Dr. John Fuder wrote, “It is also our hope that this Chicago Neighborhood Prayer Guide could rally a similar prayer focus across other cities in our nation and around the world. May God give us tears for our cities.”*
When Moses stood in the breach for the people, I notice he implored the Lord based on His promises and His reputation.
What do you notice?
“O Lord!” he said. “Why are you so angry with your own people whom you brought from the land of Egypt with such great power and such a strong hand? Why let the Egyptians say, ‘Their God rescued them with the evil intention of slaughtering them in the mountains and wiping them from the face of the earth’? Turn away from your fierce anger. Change your mind about this terrible disaster you have threatened against your people! Remember your servants Abraham, Isaac, and Jacob. You bound yourself with an oath to them, saying, ‘I will make your descendants as numerous as the starts of haven. And I will give them all the land that I have promised to your descendants, and they will possess it forever.'” So the Lord changed his mind about the terrible disaster he had threatened to bring on his people (Exodus 32:11-14).”
David’s prayer began: “How long, O Lord? Will you forget me forever? How long will you hide your face from me (Psalm 13:1)?”
Though he still waited for God to answer, his prayer ended: “I have trusted in your steadfast love; my heart shall rejoice in your salvation. I will sing to the Lord, because he has dealt bountifully with me (Psalm 13:5-6).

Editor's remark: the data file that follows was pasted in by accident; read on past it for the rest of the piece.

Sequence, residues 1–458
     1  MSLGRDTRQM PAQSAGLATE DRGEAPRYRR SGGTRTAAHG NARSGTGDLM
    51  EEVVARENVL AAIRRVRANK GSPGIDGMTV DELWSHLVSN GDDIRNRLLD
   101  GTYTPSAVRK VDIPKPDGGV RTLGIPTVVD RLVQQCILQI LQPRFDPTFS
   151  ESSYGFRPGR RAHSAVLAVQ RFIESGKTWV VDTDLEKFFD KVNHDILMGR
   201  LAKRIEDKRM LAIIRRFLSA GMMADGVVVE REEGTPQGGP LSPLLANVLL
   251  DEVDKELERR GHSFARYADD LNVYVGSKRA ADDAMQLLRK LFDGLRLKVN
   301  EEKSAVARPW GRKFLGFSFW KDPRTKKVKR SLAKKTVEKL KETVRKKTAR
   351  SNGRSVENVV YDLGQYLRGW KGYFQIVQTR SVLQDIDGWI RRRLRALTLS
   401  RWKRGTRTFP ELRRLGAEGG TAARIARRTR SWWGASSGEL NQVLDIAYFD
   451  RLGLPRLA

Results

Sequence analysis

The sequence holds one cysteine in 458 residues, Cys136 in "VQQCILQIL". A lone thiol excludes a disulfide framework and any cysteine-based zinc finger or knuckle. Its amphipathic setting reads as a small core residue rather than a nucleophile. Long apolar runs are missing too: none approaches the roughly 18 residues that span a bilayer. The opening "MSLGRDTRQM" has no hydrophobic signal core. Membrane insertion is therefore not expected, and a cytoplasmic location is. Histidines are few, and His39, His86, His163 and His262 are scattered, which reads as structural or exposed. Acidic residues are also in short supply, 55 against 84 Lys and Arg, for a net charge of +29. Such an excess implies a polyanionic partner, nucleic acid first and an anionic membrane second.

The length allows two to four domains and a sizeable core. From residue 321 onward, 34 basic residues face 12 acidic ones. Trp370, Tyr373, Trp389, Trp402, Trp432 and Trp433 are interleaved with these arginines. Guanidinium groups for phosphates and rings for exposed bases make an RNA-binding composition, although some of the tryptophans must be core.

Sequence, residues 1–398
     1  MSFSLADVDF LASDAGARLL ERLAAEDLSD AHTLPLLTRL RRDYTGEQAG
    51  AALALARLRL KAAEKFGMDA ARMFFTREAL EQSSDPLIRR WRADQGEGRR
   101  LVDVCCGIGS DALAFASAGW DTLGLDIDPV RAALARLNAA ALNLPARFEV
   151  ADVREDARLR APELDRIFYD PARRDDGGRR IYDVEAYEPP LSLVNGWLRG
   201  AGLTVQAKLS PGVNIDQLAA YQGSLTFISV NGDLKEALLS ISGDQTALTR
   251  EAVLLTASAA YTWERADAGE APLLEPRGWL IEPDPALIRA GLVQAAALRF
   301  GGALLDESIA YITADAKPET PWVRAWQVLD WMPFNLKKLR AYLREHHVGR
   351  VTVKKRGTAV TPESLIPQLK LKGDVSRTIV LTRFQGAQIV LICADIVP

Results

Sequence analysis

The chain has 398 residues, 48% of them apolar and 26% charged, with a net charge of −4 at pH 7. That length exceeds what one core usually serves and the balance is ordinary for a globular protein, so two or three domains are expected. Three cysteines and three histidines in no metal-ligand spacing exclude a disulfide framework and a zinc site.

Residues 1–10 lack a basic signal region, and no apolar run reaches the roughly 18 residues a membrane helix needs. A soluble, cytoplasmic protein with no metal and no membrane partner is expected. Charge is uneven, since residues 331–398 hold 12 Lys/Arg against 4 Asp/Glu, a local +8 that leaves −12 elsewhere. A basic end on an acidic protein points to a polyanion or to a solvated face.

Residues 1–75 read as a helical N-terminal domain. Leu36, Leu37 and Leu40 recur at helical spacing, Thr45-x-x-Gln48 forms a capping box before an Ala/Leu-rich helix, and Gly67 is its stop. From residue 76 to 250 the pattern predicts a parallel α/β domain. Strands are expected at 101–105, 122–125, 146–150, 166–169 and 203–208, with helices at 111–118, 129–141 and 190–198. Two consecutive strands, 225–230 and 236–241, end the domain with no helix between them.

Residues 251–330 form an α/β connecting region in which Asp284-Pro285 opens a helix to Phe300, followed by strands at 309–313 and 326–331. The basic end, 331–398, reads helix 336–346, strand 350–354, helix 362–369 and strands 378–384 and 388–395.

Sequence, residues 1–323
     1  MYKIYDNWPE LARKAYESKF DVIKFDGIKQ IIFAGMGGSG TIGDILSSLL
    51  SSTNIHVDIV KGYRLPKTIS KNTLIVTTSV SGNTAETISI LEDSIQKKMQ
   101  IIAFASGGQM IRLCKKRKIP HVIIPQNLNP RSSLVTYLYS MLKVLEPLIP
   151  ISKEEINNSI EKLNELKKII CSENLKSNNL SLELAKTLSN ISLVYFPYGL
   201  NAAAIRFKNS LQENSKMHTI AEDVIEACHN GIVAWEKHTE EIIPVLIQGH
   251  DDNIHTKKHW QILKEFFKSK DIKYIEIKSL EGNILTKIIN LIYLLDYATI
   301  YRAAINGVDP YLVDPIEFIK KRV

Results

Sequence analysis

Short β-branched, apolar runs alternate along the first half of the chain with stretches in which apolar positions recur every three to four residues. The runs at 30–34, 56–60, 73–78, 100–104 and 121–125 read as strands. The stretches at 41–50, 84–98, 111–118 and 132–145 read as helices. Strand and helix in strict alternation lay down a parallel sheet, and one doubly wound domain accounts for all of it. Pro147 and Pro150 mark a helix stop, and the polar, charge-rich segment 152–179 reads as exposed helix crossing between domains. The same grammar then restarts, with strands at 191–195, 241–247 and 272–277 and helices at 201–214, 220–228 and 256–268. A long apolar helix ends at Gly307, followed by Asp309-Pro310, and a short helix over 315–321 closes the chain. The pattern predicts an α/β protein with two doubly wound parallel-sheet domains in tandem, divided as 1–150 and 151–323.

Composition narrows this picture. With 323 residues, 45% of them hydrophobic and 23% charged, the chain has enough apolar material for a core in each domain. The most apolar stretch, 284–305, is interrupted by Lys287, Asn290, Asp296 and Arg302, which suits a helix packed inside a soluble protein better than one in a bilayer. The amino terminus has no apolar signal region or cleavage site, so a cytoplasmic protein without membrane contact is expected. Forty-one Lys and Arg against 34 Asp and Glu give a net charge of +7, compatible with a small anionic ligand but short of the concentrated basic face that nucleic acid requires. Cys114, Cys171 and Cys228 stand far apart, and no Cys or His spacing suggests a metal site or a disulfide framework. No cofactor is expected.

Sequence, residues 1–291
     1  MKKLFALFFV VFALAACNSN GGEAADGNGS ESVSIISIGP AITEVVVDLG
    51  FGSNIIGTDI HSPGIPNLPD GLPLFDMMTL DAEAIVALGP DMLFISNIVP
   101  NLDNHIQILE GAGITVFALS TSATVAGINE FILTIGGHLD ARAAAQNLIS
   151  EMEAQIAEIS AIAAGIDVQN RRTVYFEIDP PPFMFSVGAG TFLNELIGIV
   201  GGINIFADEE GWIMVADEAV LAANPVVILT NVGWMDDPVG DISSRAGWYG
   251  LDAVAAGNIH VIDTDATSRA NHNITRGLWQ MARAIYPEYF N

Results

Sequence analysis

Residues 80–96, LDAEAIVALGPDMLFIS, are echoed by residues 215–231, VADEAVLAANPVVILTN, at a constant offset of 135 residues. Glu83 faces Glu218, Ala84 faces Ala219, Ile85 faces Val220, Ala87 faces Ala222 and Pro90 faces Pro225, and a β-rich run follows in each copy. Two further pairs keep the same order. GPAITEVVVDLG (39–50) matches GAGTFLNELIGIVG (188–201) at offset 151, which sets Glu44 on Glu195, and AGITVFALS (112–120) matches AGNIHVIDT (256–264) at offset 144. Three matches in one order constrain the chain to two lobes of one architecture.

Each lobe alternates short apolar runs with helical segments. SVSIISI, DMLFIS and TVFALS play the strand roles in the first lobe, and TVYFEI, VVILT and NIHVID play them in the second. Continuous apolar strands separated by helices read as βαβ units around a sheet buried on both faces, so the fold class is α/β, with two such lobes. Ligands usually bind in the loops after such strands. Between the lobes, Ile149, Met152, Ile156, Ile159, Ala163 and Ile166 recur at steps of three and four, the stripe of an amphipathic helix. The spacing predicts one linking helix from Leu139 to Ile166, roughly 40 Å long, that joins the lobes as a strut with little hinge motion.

When King Solomon dedicated the temple he prayed, “When a foreigner comes from a far country, for your name’s sake . . . and prays toward this house, hear in heaven your dwelling place and do according to all for which the foreigner calls to you, in order that all the peoples of the earth may know your name and fear you (1 Kings 8:41-43).”
People who know of Solomon’s prayer come from all over come to pray at the Wailing Wall; some tuck their prayers into the wall. God sees them. He hears.
But as we left the Wailing Wall, I felt grateful that God answers prayers no matter where we are. You don’t have to travel to Jerusalem to pray.
I like to start my days with Bible reading and prayer, so when my grandchildren visit I invite them to join me. One morning Talia (she’s three) and I read how Jesus calmed the storm after the disciples cried out to him in fear (read the story in Matthew 8:23-27).
I asked Talia, “What do you do when you’re afraid?”
Without hesitation, she answered, “I pray to Jesus.”